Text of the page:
Reaching out to these consumers and letting them know about rewards or positive incentives will be appreciated, and they will be sure to continue making repeat purchases from the company. Furthermore, with these types of tools, whenever a company is changing or growing, using them is a great way of getting any skeptical buyers interested in the change, or the new direction, instead of potentially putting them off of the business with big changes. 


      For companies to be able to capture the relationship that a company has with the most loyal buyers, they should implement cross-selling strategies. That means positioning any related products, services, or items together, and showing the buyers that what the company is offering can be linked to other products in a logical manner. This is a very efficient technique for getting repeat buyers, and for showing them that the solutions that the company provides are very useful. 

      Whichever way a company decides to incorporate cross-selling strategies, they should also be implemented along with metrics and insights to know what things are and aren’t working.

      About the Author: Ronn Torossian is CEO of 5WPR, a leading PR agency.

      If Buildings Collapse When Rebar Rusts, Why Not Build with Rust-Proof Rebar?


      Tom Madden,  Founder & CEO, TransMedia Group

      Am I oversimplifying, or what?  After so many reports of cracking sounds and spalling in the condo that tragically collapsed in Surfside, FL, it’s probably no surprise to structural engineers that there was concrete deterioration. And this can be due to rusting rebar.

      I’m sure Basanite Industries (OTCQB:BASA), a Florida company that ironically manufactures a rust-proof rebar called BasaFlex™ only a few miles north in the next county from where the disaster occurred must be thinking that.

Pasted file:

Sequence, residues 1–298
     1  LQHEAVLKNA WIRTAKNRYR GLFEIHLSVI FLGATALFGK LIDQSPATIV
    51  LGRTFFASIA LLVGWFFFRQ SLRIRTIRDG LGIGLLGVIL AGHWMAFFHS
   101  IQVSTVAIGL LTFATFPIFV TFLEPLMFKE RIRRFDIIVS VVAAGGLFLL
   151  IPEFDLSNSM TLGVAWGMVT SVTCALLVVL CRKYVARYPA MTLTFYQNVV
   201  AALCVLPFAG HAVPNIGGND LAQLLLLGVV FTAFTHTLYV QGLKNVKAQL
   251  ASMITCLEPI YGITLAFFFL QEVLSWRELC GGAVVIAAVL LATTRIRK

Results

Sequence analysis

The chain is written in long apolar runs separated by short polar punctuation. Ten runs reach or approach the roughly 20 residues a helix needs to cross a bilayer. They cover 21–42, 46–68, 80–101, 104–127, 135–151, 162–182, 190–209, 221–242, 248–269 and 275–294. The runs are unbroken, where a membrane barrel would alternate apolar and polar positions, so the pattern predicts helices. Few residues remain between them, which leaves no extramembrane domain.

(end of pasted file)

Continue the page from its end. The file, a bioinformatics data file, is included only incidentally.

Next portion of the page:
Could a more durable, eco-friendly, sustainable, 100-year life building material that’s stronger and significantly lighter than steel have prevented this nightmarish tragedy?

      BasaFlex is an enhanced Basalt Fiber Reinforced Polymer Rebar engineered as a non-corrosive alternative to conventional steel reinforcement for concrete structures.  So, could a rust-resistant rebar have saved all those lives?

      It’s such a shame this had to happen to so many in Florida where I live in a high- rise condo on the ocean not that far north from the disaster.  I just hope the determination to find out exactly what caused this tragedy won’t corrode over time, but stay strong, dogged and resilient.

      Meanwhile, news media are citing a 2018 inspection report finding “abundant” cracking and spalling of the columns, beams and walls in the garage under the tower that fell to the ground last week, killing four people and maybe 159 others unaccounted for.  Was it rust that did it?

      Spalling refers to the deterioration of concrete, sometime causing flaking and the exposure of reinforcing steel bars known as rebar.

      According to a structural field survey report, there apparently was abundant cracking and spalling of varying degrees observed in the concrete columns, beams and walls of the ground floor parking garage.  The report included photos of parking garage columns in which the concrete had cracked off and rebar could be seen in a condition described as a form of cancer.


      Professional engineers who specialize in concrete repair projects believe after watching the Surfside condo tower collapsing to rubble, one potential structural flaw jumped out at them called concrete spalling.

      One engineer was quoted in news reports saying when saltwater seeps into porous concrete, it causes the reinforced steel rods known as rebar in the support beams to rust and expand. In turn, the expansion breaks up the concrete, weakening the beams.